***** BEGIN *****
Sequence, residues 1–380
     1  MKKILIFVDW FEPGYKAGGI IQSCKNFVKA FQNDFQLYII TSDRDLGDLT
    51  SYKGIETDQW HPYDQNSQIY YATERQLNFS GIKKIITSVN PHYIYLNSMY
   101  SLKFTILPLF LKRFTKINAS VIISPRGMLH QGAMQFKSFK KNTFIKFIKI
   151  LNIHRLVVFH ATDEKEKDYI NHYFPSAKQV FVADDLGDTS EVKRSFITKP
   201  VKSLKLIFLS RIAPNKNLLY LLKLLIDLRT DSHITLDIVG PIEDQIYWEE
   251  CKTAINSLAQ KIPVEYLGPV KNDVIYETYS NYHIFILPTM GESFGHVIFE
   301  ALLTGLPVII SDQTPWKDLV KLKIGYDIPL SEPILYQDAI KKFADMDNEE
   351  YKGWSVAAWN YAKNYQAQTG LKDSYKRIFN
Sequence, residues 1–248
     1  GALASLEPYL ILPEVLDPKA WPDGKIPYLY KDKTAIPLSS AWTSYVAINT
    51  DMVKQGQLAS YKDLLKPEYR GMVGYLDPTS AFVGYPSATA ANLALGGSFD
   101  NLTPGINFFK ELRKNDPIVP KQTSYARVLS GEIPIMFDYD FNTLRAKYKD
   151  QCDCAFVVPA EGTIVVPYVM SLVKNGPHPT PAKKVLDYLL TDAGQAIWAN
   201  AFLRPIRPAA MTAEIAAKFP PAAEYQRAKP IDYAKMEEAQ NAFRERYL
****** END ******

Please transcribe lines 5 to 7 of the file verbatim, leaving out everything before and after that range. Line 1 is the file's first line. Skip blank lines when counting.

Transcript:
   151  LNIHRLVVFH ATDEKEKDYI NHYFPSAKQV FVADDLGDTS EVKRSFITKP
   201  VKSLKLIFLS RIAPNKNLLY LLKLLIDLRT DSHITLDIVG PIEDQIYWEE
   251  CKTAINSLAQ KIPVEYLGPV KNDVIYETYS NYHIFILPTM GESFGHVIFE